Archive For The “Trucking Reports” Category

The Changing Face of Spring Produce Shipments out of Florida

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A4The face of Florida spring produce shipments long have been centered around citrus, mixed vegetables and tomatoes.  This will continue to be the case in the foreseeable future, but there are some other products that have entered the picture and could provide substantially larger volume in the future.

Florida peach shipments have started in recent years, and the state is heavily promoting the stone fruit, particularly in April, when it has a shipping window pretty much to itself.  Florida peaches are shipped as imported Chilean peaches are winding down, and before the product is ready in California, Georgia and South Carolina.

Asian vegetables are relatively new to Florida produce production, which are grown across the state and have a growing concentration in the St. Augustine/Hastings area of North Florida.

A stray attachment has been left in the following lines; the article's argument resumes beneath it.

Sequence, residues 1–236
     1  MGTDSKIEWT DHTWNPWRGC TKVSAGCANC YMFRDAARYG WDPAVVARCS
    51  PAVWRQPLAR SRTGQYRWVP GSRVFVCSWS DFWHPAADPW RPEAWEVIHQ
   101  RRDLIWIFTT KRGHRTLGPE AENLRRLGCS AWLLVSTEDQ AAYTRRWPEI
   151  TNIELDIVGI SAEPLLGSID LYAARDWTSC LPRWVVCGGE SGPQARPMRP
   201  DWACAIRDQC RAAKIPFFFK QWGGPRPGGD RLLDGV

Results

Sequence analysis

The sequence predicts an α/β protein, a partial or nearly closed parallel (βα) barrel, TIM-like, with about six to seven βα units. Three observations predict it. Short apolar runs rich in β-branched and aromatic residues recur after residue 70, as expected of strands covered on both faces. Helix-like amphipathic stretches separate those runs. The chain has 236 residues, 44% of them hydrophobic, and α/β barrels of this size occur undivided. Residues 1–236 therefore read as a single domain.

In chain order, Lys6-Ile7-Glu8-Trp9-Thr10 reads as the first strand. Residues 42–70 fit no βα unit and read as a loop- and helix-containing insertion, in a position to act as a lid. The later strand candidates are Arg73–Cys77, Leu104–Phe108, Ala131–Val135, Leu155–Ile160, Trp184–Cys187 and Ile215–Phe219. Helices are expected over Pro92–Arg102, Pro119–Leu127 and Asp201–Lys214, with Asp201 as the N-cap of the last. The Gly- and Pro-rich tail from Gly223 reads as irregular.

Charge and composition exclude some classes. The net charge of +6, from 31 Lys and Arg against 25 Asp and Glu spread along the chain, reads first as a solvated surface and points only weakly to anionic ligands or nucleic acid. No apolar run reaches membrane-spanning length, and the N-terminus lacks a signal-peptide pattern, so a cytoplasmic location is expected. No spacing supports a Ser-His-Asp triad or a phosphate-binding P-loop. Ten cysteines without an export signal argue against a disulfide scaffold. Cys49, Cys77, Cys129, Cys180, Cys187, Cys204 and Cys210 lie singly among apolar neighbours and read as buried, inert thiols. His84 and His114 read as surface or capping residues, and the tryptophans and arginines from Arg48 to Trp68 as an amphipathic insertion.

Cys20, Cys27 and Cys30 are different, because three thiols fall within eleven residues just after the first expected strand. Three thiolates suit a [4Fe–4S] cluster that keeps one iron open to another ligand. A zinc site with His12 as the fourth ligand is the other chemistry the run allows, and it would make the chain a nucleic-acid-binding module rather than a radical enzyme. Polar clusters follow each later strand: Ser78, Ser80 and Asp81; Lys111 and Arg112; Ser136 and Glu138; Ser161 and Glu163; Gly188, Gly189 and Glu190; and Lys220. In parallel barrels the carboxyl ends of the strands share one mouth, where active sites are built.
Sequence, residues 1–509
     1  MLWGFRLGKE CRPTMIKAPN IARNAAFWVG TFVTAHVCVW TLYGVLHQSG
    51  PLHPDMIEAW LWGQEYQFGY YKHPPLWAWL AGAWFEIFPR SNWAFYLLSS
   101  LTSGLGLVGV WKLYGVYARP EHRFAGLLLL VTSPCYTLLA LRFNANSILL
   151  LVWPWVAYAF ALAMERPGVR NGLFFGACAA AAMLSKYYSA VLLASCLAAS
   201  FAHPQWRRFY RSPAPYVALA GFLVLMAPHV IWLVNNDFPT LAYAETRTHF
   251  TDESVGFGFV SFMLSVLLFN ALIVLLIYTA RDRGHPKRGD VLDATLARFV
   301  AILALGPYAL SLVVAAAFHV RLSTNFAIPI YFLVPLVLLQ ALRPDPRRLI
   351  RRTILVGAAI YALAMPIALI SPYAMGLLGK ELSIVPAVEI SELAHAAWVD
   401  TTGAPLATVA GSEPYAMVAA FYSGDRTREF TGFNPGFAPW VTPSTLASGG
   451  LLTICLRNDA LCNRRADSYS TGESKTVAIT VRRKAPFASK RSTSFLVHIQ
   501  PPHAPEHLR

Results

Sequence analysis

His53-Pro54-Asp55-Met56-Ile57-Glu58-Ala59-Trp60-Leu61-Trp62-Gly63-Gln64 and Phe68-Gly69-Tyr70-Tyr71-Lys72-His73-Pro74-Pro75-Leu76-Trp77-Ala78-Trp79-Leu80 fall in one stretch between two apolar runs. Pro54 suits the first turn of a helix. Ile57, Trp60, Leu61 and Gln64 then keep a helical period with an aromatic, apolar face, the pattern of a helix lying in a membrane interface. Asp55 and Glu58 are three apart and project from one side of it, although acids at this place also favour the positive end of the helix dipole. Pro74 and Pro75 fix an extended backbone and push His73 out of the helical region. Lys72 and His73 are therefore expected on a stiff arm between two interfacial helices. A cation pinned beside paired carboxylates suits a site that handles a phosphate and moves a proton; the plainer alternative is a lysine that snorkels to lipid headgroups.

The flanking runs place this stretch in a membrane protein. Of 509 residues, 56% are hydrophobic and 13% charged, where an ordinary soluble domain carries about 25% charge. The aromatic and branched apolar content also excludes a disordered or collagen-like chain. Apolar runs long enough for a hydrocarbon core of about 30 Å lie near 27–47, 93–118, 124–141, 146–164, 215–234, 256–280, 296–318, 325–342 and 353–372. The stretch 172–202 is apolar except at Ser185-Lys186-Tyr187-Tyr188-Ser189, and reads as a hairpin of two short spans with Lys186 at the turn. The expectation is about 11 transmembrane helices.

These items range from Chinese cabbage, to bok choy, beans, bitter melon, Chinese broccoli and many other Asian herbs and vegetables.  As these items become more mainstream, there will be more loading opportunities for produce haulers.

There also has been increasing acreage with sweet potatoes in recent years.  Florida has the first domestic sweet potatoes of the growing season prior to the traditional Louisiana, Mississippi, California and North Carolina sweet potato seasons that start in late summer.